Importance of GRAZE-REST

Exciting things are happening on rangeland that has been properly cared for through utilization of a carefully planned and applied graze-rest program. The recent rainfall across the area, granted more in places than other, is proving exceptionally valuable on areas that have a continuous cover of healthy perennial grass plants. Even the places that received sparser amounts of moisture are showing amazing recovery from the limited rainfall of late winter and spring. Regretfully, but fully expected, the areas that have not recovered from past continuous and sometimes heavy grazing are struggling to achieve the growth needed to allow the rangeland manager to be assured of good grazing through the summer season. Leaving that producer dependent of “a good follow-up rain soon” of course all concerned will thankfully take it if the Lord sees fit to send it. Recovery of rangeland is a slow process and is directly proportional to the brittleness (Total rainfall and low humidity levels) of the environment the rangeland manager is working within.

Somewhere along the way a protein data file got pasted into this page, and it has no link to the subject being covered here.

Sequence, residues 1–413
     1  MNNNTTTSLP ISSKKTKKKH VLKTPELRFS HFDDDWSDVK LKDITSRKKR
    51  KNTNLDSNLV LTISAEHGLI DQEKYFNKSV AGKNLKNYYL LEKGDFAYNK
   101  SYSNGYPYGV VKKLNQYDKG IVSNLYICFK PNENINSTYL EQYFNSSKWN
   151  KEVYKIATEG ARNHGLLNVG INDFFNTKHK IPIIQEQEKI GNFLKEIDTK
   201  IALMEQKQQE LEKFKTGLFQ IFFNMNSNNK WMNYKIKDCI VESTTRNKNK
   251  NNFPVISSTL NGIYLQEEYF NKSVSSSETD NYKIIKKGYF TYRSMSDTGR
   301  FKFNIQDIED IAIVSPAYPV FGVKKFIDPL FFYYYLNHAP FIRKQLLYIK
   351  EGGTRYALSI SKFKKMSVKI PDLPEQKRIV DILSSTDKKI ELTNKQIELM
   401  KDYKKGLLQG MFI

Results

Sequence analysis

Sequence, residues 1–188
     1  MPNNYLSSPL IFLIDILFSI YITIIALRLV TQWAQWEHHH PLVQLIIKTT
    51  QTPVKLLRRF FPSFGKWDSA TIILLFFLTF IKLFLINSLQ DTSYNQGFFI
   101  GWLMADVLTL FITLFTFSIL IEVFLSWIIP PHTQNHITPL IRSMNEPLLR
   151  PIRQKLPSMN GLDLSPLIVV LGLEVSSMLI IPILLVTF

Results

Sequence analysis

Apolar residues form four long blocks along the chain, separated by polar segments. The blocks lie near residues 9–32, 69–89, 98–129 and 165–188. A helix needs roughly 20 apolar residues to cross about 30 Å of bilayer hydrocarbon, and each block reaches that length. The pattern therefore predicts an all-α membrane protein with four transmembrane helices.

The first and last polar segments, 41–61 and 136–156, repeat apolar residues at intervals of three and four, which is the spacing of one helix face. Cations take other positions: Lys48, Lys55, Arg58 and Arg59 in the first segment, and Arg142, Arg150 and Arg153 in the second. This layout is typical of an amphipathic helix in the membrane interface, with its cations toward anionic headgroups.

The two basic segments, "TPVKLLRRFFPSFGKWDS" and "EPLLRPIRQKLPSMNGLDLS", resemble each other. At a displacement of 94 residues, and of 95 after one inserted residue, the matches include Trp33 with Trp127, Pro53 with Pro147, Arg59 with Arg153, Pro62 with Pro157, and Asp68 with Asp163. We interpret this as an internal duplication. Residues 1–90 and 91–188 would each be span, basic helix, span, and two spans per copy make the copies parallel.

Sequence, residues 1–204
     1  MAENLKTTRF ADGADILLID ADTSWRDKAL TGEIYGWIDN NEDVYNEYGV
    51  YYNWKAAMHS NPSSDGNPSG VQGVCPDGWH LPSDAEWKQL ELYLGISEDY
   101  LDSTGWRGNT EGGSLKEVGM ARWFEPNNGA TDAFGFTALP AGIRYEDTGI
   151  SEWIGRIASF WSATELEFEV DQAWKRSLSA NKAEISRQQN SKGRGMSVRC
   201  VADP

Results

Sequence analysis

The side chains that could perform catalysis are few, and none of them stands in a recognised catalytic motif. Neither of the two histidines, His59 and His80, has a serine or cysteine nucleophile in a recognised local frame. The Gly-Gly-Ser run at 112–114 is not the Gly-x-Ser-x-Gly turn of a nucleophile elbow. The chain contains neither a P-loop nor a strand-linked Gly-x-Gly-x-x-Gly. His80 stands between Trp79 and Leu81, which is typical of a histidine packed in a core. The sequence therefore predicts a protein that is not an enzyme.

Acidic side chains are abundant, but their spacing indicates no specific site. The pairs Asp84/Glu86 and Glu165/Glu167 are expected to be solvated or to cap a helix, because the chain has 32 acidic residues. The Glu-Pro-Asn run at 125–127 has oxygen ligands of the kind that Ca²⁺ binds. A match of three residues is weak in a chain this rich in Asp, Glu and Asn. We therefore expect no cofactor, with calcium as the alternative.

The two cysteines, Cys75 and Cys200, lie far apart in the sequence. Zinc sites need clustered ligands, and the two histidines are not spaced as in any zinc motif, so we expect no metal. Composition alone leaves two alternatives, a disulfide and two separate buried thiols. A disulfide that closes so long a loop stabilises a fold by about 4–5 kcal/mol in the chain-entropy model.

This view of a good stand of Big Bluestem was taken across the fence on a neighbor’s place. (Awesome indication of outstanding grazing management of Jim and IW Terry, right Sarena Wright Terry?) In the country that we manage, any time Big Blue is found it is an indicator of good to most likely excellent rangeland management. Most ranchmen have never seen the likes on their country.
This photo indicates how two different grazing programs, except for GRAZE-REST commonality, can be successful. Developing a program that works for each manger is important, but it must always involve  GRAZE-REST.

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